Once inside the 50′ tall atrium, the sights, scents, and sounds are mesmerizing. All around you, butterflies are flitting about, looking for a place to land and rest or perhaps have a quick meal. Surrounded by the atrium’s sights, sounds, and scents, it is like stepping into a rain forest in South America but right in downtown Houston.
There are only two rules to the center. 1) Do not touch the butterflies. 2) Stay on the path, and don’t touch the foliage. That is easier said than done once you’re inside, as these magnificent creatures were everywhere, and the temptation to reach out in hopes one will land is hard to resist.
With every step in the atrium, there are different sizes and colors of butterflies. Some rest and others get nectar from one of the many stations set up for feeding.
It is not somewhere that you want to rush through. Taking the path slowly and stopping to look around is the best way to see the butterflies. Sometimes they are right in front of you, and other times, they blend in with the surroundings and can be more challenging to see. Either way, it’s well worth slowing down and going at a leisurely pace.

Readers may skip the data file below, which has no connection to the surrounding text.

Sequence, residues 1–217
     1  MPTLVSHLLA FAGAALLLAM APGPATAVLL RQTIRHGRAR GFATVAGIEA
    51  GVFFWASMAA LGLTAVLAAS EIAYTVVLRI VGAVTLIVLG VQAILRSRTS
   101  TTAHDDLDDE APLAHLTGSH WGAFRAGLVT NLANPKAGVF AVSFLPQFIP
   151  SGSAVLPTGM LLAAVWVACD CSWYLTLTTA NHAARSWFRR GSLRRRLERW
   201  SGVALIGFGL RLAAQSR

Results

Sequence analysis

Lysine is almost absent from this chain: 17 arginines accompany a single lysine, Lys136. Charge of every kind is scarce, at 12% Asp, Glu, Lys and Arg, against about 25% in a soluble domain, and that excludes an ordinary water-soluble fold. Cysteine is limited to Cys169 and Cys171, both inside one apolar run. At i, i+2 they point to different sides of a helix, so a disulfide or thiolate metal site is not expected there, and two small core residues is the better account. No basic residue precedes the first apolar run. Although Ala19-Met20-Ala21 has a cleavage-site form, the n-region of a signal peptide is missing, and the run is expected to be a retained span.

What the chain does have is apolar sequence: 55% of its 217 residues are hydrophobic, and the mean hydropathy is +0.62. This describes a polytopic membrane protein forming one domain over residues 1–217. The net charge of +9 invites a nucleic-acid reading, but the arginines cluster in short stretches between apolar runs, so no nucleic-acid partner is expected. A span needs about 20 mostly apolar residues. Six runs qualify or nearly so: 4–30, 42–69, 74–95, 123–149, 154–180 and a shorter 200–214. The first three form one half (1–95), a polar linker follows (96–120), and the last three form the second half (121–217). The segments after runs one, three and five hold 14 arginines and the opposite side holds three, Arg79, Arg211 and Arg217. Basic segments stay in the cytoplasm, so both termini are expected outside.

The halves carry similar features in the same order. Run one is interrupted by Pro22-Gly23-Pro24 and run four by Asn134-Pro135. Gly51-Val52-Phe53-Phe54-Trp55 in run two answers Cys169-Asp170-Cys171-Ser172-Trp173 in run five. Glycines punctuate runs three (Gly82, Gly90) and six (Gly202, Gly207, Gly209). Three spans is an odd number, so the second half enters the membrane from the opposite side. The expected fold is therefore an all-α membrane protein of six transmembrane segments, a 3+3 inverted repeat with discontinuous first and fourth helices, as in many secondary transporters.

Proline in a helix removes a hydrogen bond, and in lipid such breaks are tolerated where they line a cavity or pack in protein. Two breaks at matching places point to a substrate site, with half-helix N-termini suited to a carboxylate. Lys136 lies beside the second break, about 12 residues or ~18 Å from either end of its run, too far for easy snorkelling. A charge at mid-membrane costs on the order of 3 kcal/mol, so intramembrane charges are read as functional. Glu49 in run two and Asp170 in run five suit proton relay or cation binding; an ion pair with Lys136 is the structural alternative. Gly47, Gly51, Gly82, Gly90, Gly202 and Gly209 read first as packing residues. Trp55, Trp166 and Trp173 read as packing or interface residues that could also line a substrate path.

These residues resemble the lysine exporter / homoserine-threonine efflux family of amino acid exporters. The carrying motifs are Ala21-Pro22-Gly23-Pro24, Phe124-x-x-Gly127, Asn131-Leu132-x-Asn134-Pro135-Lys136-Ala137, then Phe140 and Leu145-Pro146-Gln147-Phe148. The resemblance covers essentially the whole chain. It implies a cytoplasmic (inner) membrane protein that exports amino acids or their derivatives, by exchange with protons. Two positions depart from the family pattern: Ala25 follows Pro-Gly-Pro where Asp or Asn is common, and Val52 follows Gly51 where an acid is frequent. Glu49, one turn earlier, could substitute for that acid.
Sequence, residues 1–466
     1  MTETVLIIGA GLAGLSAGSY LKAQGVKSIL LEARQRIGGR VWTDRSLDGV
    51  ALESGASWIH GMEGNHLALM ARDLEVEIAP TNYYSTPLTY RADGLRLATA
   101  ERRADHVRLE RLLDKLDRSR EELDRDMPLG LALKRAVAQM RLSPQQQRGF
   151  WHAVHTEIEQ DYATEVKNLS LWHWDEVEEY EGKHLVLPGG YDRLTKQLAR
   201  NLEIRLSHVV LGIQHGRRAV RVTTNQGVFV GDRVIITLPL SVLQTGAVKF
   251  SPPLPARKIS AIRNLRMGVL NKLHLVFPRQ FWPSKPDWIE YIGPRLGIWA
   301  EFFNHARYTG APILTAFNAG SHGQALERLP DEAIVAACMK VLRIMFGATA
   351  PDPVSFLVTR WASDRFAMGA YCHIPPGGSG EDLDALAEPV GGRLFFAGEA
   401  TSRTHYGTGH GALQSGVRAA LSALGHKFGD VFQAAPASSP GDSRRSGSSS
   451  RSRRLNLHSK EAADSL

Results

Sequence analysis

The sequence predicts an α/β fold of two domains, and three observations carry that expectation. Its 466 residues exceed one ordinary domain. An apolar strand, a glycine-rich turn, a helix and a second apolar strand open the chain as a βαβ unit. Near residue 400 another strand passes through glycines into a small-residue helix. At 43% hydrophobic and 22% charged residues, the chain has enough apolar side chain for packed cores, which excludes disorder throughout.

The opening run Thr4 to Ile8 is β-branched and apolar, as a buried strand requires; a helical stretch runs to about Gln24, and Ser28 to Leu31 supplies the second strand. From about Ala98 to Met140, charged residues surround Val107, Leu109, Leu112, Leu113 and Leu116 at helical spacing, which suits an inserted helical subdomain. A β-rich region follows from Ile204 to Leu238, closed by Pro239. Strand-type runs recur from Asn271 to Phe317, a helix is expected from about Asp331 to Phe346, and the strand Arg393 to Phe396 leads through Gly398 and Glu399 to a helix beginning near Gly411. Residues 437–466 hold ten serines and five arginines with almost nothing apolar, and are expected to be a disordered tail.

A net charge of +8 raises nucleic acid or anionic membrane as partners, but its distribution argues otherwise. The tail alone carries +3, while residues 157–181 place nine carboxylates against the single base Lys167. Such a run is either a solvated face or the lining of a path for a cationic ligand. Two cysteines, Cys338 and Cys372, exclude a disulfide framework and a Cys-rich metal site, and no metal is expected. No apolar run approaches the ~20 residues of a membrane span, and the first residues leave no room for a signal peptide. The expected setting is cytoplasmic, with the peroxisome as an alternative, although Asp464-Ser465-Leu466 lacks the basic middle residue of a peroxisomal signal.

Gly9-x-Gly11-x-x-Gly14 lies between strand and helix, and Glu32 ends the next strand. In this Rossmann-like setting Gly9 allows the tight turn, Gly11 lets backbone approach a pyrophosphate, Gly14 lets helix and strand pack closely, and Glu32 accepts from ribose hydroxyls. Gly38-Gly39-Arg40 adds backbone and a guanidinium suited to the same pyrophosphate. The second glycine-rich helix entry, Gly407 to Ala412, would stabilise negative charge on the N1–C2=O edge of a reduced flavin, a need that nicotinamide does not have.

The variety of butterflies and insects species varies as the staff constantly lets new species into the habitat, so each trip, you may see something completely different. One of the must-see events is when the team releases new butterflies that have just emerged from their cocoons into the habitat.
Watching them take their first flights into the atrium and search around, discovering new plants and flowers, is so fun to watch.
Some days, the center will bring out more “exotic” critters for people to see and touch. We came across a gentleman sitting on a bench with his hand out during our visit. At first glance, I didn’t realize he was even holding anything, then I noticed it. Holy cow! It looked like a scorpion. Was this man crazy?